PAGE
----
The Origins of Dominant Parties
Building Authoritarian Institutions in Post-Soviet Russia
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- Author: Ora John Reuter, University of Wisconsin, Milwaukee
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In many autocracies, regime leaders share power with a ruling party, which can help generate popular support and reduce conflict among key elites. Such ruling parties are often called dominant parties. In other regimes, leaders prefer to rule solely through some combination of charisma, patronage, and coercion, rather than sharing power with a dominant party. This book explains why dominant parties emerge in some nondemocratic regimes, but not in others. It offers a novel theory of dominant party emergence that centers on the balance of power between rulers and other elites. Drawing on extensive fieldwork in Russia, original data on Russian political elites, and cross-national statistical analysis, the book's findings shed new light on how modern autocracies work and why they break down. The book also provides new insights about the foundations of Vladimir Putin's regime and challenges several myths about the personalization of power under Putin.Read more
- The first full-length study of the origins of dominant party regimes, shedding new light on why some countries democratize, but others do not
- Challenges a number of myths about the nature of political power in Putin's Russia
- Draws on an array of new empirical data, including original data on Russian political elites, extensive fieldwork in Russia, and cross-national quantitative data enriching understanding of both authoritarian and Russian politics
Reviews & endorsements
‘Reuter's impressive The Origins of Dominant Parties significantly revises our understanding of the United Russia Party's role in Russian politics. While many dismiss the party as little more than a shell held in place solely by Putin's personal appeal, this book shows that it plays a much more important role in Putin's regime than most experts currently think. This will be the go-to book for anyone wanting to know about United Russia, and essential reading for understanding Russian politics in the Putin era.' Henry Hale, George Washington University, Washington DCSee more reviews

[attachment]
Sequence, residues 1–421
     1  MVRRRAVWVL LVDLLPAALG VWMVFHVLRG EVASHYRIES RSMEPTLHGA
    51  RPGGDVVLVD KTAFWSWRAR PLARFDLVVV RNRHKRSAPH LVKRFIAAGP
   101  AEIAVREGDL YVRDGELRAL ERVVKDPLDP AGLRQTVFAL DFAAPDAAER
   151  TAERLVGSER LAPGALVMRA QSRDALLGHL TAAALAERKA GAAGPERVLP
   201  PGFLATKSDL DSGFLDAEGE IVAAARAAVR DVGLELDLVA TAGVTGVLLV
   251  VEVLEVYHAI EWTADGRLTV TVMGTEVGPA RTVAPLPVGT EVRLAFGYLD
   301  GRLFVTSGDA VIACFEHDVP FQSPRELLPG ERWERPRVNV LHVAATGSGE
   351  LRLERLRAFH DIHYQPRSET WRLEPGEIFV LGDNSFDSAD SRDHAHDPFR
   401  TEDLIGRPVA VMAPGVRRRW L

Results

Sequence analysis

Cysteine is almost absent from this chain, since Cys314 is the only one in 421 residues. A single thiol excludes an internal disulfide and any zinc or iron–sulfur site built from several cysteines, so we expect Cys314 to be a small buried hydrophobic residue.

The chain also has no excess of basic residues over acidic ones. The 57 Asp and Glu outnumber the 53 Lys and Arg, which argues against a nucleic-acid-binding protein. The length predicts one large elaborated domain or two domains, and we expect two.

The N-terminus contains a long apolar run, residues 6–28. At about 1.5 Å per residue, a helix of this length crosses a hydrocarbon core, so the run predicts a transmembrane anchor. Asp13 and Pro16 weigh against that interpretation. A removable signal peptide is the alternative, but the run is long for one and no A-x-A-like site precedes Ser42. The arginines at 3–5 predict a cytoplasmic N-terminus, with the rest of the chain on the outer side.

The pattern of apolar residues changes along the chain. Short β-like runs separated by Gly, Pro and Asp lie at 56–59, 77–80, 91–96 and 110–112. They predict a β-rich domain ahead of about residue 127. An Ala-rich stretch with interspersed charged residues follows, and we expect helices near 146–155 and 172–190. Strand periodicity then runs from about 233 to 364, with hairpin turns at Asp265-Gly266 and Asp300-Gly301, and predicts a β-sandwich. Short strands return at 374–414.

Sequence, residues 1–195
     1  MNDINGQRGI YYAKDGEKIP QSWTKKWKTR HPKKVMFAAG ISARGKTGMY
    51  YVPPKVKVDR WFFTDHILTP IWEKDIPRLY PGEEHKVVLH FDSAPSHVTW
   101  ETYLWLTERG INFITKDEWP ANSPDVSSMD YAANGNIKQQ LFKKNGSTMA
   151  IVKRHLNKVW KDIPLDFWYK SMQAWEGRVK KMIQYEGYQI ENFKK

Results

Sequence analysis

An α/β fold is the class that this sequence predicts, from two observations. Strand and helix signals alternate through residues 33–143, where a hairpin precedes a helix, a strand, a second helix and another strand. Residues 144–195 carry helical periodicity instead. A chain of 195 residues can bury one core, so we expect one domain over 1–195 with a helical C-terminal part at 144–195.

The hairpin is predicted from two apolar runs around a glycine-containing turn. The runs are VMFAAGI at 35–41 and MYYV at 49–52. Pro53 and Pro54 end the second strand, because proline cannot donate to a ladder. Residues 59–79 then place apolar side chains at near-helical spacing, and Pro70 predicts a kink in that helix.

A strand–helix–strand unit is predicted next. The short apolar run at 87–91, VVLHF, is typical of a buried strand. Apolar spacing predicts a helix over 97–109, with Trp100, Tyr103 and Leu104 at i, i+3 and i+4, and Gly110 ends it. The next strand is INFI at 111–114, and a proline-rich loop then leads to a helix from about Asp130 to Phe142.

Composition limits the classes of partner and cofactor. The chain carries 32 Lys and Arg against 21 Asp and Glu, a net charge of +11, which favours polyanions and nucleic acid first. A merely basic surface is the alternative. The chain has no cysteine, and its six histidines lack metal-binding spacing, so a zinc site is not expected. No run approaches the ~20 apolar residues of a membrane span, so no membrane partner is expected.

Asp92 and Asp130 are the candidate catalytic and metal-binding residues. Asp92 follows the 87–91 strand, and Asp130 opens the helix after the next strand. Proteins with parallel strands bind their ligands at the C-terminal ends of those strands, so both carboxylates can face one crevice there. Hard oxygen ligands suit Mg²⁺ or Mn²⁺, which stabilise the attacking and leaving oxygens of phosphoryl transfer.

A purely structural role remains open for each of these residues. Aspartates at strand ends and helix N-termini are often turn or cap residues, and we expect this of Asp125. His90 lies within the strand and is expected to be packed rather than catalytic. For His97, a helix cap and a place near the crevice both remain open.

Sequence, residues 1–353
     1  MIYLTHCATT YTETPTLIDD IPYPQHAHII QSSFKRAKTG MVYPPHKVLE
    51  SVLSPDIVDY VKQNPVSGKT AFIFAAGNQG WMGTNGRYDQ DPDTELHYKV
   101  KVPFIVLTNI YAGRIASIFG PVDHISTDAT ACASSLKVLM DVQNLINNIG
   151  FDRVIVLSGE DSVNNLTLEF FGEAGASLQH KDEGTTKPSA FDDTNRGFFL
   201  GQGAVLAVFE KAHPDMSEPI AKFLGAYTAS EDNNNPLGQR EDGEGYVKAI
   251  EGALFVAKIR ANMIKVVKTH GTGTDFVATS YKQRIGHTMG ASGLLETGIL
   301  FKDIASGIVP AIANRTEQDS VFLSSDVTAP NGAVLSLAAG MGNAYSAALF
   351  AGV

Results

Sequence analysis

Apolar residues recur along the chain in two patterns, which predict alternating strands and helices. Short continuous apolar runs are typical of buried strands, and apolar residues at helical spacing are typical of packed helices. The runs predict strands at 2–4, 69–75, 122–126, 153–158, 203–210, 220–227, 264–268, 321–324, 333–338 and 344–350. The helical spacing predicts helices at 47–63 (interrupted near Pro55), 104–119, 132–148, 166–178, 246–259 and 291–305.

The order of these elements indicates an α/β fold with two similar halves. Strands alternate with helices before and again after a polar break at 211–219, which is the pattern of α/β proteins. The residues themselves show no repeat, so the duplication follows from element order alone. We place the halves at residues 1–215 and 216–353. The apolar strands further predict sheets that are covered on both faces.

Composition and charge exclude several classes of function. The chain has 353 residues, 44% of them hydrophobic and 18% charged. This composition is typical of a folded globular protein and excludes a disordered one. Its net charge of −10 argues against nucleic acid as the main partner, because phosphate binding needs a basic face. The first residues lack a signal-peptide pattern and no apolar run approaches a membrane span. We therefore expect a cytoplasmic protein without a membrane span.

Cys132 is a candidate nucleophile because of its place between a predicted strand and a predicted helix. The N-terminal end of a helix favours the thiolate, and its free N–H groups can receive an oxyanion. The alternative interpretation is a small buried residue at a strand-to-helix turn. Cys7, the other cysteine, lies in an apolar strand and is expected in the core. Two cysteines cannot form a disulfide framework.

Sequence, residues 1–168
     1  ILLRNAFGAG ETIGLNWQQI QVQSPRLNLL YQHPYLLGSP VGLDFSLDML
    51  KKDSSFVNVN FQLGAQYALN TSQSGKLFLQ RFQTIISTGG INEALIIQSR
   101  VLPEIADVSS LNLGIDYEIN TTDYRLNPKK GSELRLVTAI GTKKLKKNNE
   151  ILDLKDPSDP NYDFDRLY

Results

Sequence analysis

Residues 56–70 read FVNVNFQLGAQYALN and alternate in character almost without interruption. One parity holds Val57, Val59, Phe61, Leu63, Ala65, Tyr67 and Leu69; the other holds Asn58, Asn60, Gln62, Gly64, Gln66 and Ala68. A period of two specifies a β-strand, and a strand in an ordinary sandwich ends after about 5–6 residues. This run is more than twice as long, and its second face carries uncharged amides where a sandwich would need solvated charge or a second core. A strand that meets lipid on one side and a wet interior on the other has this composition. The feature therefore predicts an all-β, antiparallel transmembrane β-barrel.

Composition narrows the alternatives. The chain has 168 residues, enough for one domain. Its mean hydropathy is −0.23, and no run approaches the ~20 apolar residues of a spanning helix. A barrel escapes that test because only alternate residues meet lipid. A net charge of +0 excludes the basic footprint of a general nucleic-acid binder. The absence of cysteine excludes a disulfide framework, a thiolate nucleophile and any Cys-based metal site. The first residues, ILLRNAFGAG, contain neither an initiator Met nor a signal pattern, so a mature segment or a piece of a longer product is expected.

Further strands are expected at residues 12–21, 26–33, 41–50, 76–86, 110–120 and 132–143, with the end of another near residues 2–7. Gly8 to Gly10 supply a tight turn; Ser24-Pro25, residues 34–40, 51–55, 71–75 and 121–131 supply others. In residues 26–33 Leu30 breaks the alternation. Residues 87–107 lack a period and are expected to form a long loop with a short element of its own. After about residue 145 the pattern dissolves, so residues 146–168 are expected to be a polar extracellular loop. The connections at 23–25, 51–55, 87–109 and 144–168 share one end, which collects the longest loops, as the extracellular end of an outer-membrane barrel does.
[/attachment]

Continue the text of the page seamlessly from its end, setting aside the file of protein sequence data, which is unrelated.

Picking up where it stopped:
'It comes as no surprise that autocratic leaders have incentives to create or govern with a ruling party since the institution is so helpful in promoting stability. But Reuter reminds us that ruling parties do not emerge through the efforts of leaders alone. They result from the decisions of hundreds of individual elites to link their fates to this institution. Why would they do so? The Origins of Dominant Parties provides a wealth of material on Russia in addition to cross-national evidence to show the conditions under which elites join ruling parties. Reuter convincingly shows that the formation of a dominant party is never a foregone conclusion, but instead is a dynamic process that relies on actors’ relative power and their ability to solve problems of commitment and collective action.' Jennifer Ghandi, Emory University, Atlanta
'Based on extensive fieldwork and deep knowledge of the case, Reuter’s deftly written story of the ups and downs of party-building in the post-Communist era is the definitive account of the construction of Russia’s ruling party. Just as importantly, his argument that it takes a delicate balance of elite and leadership incentives to build a dominant party is a major contribution to our understanding of contemporary dictatorships. This book is a must-read for students of authoritarianism throughout the world.' Graeme Robertson, University of North Carolina, Chapel Hill
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- Date Published: May 2017
- format: Adobe eBook Reader
- isbn: 9781316774274
- contains: 19 b/w illus.
- availability: This ISBN is for an eBook version which is distributed on our behalf by a third party.
Table of Contents
2. A theory of dominant party formation
3. False starts: the failure of pro-Presidential parties under Yeltsin
4. The emergence of a dominant party in Russia
5. United Russia as the dominant party
6. United Russia and Russia's governors
7. Economic elites and dominant party affiliation
8. Dominant party emergence around the world
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